Acute Urinary Retention: Male

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Acute urinary retention is a condition in which a person is unable to pass urine or can only pass a little urine. This condition can happen suddenly and last for a short time. If left untreated, it can become long-term (chronic) and result in kidney damage or other serious complications.

What are the causes?

This condition may be caused by:

  • Obstruction or narrowing of the tube that drains the bladder (urethra). This may be caused by surgery, problems with nearby organs, or injury to the bladder or urethra.

  • Problems with the nerves in the bladder.

  • Tumors in the area of the pelvis, bladder, or urethra.

  • Certain medicines.

  • Bladder or urinary tract infection.

  • Constipation.

What increases the risk?

This condition is more likely to develop in older men. As men age, their prostate may become larger and may start to press or squeeze on the bladder or the urethra. Other chronic health conditions can increase the risk of acute urinary retention. These include:

  • Diseases such as multiple sclerosis.

  • Spinal cord injuries.

  • Diabetes.

  • Degenerative cognitive conditions, such as delirium or dementia.

  • Psychological conditions. A man may hold his urine due to trauma or because he does not want to use the bathroom.

What are the signs or symptoms?

Symptoms of this condition include:

  • Trouble urinating.

  • Pain in the lower abdomen.

How is this diagnosed?

This condition is diagnosed based on a physical exam and your medical history. You may also have other tests, including:

  • An ultrasound of the bladder or kidneys or both.

  • Blood tests.

  • A urine analysis.

  • Additional tests may be needed, such as a CT scan, MRI, and kidney or bladder function tests.

How is this treated?

Treatment for this condition may include:

  • Medicines.

  • Placing a thin, sterile tube (catheter) into the bladder to drain urine out of the body. This is called an indwelling urinary catheter. After it is inserted, the catheter is held in place with a small balloon that is filled with sterile water. Urine drains from the catheter into a collection bag outside of the body.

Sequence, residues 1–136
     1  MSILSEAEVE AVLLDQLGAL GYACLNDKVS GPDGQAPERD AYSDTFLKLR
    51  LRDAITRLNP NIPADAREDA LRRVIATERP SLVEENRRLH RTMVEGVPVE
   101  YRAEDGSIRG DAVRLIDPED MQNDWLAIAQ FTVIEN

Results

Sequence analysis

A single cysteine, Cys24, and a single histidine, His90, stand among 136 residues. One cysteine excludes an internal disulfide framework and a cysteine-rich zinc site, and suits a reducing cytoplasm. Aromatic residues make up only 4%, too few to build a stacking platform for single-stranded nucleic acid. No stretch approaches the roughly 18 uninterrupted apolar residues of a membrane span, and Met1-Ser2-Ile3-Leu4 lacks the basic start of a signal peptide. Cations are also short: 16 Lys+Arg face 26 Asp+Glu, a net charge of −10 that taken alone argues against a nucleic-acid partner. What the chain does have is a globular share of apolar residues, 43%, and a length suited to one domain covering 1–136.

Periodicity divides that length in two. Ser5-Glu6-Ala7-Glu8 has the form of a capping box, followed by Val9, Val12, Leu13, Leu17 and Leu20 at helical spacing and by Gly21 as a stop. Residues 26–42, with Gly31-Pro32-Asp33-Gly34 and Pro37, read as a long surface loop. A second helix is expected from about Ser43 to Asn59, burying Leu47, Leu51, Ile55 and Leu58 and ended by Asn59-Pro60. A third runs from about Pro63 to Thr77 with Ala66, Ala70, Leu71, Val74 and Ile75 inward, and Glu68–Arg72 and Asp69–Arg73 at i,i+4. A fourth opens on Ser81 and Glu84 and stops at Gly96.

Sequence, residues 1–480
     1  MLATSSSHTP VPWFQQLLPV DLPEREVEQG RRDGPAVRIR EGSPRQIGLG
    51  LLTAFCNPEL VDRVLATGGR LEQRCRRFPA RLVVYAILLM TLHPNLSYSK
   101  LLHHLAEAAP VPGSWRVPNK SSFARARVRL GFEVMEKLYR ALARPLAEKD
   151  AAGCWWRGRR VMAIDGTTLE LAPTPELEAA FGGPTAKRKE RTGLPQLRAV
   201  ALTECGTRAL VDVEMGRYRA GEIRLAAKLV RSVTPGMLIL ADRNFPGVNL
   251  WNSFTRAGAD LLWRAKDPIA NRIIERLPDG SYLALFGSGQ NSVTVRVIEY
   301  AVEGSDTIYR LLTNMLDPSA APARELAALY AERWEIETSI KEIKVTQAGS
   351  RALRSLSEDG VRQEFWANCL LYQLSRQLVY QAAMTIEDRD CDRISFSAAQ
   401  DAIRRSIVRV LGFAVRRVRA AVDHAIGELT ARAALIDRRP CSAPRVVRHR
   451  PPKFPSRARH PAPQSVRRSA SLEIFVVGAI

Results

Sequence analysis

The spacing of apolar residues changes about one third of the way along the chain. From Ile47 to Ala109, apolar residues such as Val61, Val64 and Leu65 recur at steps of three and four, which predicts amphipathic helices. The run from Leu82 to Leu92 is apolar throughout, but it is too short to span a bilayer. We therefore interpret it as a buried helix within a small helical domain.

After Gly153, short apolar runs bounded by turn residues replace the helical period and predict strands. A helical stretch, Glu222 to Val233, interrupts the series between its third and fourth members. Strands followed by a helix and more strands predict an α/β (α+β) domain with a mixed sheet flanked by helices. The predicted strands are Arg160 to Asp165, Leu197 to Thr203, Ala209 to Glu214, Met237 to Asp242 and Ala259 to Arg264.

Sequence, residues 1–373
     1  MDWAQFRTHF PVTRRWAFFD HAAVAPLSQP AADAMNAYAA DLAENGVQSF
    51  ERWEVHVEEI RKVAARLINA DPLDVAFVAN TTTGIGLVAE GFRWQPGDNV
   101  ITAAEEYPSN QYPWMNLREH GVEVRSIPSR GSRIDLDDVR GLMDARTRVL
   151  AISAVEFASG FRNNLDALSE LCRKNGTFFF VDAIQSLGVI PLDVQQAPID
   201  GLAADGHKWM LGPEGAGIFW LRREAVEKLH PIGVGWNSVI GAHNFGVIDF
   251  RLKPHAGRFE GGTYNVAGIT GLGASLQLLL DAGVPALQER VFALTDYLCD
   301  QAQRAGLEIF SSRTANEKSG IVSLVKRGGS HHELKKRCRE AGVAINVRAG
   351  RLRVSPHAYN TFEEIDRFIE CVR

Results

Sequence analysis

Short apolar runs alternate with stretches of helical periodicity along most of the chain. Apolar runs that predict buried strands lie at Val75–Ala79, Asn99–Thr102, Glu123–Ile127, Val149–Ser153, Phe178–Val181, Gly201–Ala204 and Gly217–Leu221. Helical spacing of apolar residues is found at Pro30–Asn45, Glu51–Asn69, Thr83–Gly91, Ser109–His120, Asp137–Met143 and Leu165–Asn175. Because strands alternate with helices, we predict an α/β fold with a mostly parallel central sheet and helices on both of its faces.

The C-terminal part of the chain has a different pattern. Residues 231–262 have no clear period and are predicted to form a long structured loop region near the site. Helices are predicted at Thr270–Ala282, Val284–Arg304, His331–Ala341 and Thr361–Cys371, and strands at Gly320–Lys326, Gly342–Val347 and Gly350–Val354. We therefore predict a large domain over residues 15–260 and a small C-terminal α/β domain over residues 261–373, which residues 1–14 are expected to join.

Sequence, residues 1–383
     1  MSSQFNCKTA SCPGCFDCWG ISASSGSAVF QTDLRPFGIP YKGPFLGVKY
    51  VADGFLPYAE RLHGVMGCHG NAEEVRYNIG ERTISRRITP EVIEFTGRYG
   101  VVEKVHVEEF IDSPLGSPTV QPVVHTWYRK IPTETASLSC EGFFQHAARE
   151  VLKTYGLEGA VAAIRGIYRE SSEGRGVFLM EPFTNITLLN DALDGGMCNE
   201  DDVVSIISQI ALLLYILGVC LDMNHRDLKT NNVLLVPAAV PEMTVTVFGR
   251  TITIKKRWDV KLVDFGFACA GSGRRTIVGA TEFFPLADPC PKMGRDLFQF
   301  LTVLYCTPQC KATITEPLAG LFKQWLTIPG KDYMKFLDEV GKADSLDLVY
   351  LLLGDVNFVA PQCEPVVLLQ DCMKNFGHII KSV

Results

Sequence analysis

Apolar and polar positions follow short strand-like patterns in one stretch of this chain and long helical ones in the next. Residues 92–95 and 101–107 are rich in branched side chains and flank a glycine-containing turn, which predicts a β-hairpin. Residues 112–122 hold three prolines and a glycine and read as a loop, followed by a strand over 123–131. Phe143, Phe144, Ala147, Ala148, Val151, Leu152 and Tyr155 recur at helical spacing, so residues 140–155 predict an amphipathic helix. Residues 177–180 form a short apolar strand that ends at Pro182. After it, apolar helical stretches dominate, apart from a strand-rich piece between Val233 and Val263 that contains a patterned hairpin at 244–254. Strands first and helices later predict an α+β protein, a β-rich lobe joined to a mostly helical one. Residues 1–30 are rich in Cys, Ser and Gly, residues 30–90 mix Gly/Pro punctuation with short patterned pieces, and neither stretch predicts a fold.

• Behavioral therapy.

  • Treatment for other conditions.

If needed, you may be treated in the hospital for kidney function problems or to manage other complications.

Follow these instructions at home:

Medicines

  • Take over-the-counter and prescription medicines only as told by your health care provider. Avoid certain medicines, such as decongestants, antihistamines, and some prescription medicines. Do not take any medicine unless your health care provider approves.

  • If you were prescribed an antibiotic medicine, take it as told by your health care provider. Do not stop using the antibiotic even if you start to feel better.

General instructions

  • Do not use any products that contain nicotine or tobacco. These products include cigarettes, chewing tobacco, and vaping devices, such as e-cigarettes. If you need help quitting, ask your health care provider.

  • Drink enough fluid to keep your urine pale yellow.

  • If you have an indwelling urinary catheter, follow the instructions from your health care provider.

  • Monitor any changes in your symptoms. Tell your health care provider about any changes.

  • If instructed, monitor your blood pressure at home. Report changes as told by your health care provider.

  • Keep all follow-up visits. This is important.

Contact a health care provider if:

  • You have uncomfortable bladder contractions that you cannot control (spasms).

  • You leak urine with the spasms.

Get help right away if:

  • You have chills or a fever.

  • You have blood in your urine.

  • You have a catheter and the following happens:

    • Your catheter stops draining urine.

    • Your catheter falls out.

Summary

  • Acute urinary retention is a condition in which a person is unable to pass urine or can only pass a little urine. If left untreated, this condition can result in kidney damage or other serious complications.

  • An enlarged prostate may cause this condition. As men age, their prostate gland may become larger and may press or squeeze on the bladder or the urethra.

  • Treatment for this condition may include medicines and placement of an indwelling urinary catheter.

  • Monitor any changes in your symptoms. Tell your health care provider about any changes.

This information is not intended to replace advice given to you by your health care provider. Make sure you discuss any questions you have with your health care provider.

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